The new Industrial Revolution -- the business impact of smart machines and automation
Analysts and journalists periodically voice concerns over smart machines stealing middle-class jobs. According to Kenneth Brant, research director at Gartner, "Most business and thought leaders underestimate the potential of smart machines to take over millions of middle-class jobs in the coming decades".
This is quite an assumption to make. Machines have been tools for efficiency for centuries now. They’re not as terrifying as some might think. The results have actually been quite the contrary. Rather than leaving workers on the streets, using "smart machines" to automate repetitive, manual tasks has allowed people to progress to more skilled labor, work fewer hours, and experience greater job satisfaction overall. It makes employees more strategic and empowered. And the story continues. Now, as computers grow ever faster and more powerful, we’re on the edge of another Industrial Revolution -- not on the factory floor -- but in the back office of business.
Even companies with the most advanced technology typically have scores of repetitive, manual tasks that must be undertaken by people. They often lurk in the everyday tasks of the back office. Activities like billing, logistics, order processing and others rely on many people working long hours. Often these thankless tasks are undertaken by highly educated employees whose paycheck matches their training more than what they actually spend their time doing. Nevertheless, some organizations are actively changing this sad scenario. The new Industrial Revolution will return intelligent executives to their appropriate roles, aligning skilled workers to tasks better suited to their talents. And when will this revolution take place? It’s happening now.
The Industrial Revolution 2.0
During the first Industrial Revolution in the late 18th century, manufacturing changed drastically. Machines performed more manual functions for people. Connected, engineered assembly lines completed tasks cheaper, faster and more consistently. Rather than leaving workers on the street, the first Industrial Revolution helped to build cities, provide high-quality, affordable merchandise and, overall, raised the standard of living for people everywhere. Of course, as with any change, there were challenges, but the results created the world we live in today.
Now we are experiencing a similar shift for employees in the back office -- for knowledge workers. In the new economies of information, companies can no longer waste their best employees’ time on manual data entry and syncing up tedious processes. These tasks require automation to empower people and free them from repetitive, mindless tasks. With streamlined, connected applications performing back office tasks, everyone -- from the data center to the finance group -- has better control and oversight of every enterprise process.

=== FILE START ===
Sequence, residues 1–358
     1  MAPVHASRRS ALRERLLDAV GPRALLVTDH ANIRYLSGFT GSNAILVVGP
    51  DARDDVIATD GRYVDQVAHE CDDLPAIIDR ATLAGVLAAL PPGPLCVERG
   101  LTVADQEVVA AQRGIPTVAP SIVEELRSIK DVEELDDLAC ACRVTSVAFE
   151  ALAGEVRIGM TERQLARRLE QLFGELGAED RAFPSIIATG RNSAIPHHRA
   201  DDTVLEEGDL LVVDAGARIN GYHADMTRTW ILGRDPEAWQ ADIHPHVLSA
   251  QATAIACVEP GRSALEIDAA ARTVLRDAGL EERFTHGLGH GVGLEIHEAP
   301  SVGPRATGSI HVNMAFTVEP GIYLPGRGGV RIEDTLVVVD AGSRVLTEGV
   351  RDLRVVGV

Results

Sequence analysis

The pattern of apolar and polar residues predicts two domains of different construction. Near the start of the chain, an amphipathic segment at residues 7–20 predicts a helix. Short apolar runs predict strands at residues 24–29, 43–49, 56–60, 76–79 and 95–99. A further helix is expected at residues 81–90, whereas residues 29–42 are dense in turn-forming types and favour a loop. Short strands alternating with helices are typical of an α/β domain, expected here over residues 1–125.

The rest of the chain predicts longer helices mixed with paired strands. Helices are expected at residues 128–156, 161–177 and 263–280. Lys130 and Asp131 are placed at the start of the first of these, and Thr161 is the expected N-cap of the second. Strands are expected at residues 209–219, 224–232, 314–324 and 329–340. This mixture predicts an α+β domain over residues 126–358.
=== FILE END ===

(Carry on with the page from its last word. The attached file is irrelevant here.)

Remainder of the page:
There’s no reason to fear this kind of automation, either. Without back office automation, people would be, once again, relegated to back-office workrooms, manually comparing ledger books, inventory lists or handwritten orders. There wouldn’t be "24-hour service" or "immediate response". Back office automation paves the way for a better-informed and better performing business landscape. It’s also important to understand that machines still can’t accomplish analysis and decision-making the way people do. Automation only adds to human efficiency. It doesn’t replace it.
The Future of Automated Business
With tedious tasks reassigned to technology, back office employees will have more time to devote to activities that add greater value. They can apply their intelligence to innovation and growth -- and spend less time on simple upkeep. This will enable businesses to grow to be more productive than ever before.
Businesses that haven’t yet taken action in this new revolution soon will -- or else face fierce competition. Already, early adopters of large-scale back office automation deliver goods and services faster, more accurately and more efficiently than ever before. Without it Amazon, Google or even Apple wouldn’t exist. The overall business benefits are crucial to take into consideration for any enterprise. There’s also the simple matter of cost efficiency to consider.
"It's worth remembering that IT cost is typically about four percent of annual revenue, whereas the labor costs that can be rationalized by smart machines are as high as 40 percent of revenue in some knowledge and service industries," Gartner’s Brant says. Even the biggest skeptics in business can’t afford to ignore the business benefits of automation. The future of the automated back office promises to bring better resource allocation and higher value to companies, while it provides people with more control to support better analysis for competitive edge. It will transform both employer’s and employees’ lives -- for the better.
Tijl Vuyk founded Redwood Software in 1993 and, as the Chief Executive Officer, is responsible for setting the company's vision and worldwide business strategy. Under his stewardship, Redwood has continually innovated to deliver a strong trajectory of growth and profitability - to become one of the world's leading enterprise process automation and report distribution solution providers. Committed to helping Redwood customers realize their business goals, Tijl is guiding the company to achieve new process automation milestones by helping organizations automate what matters most.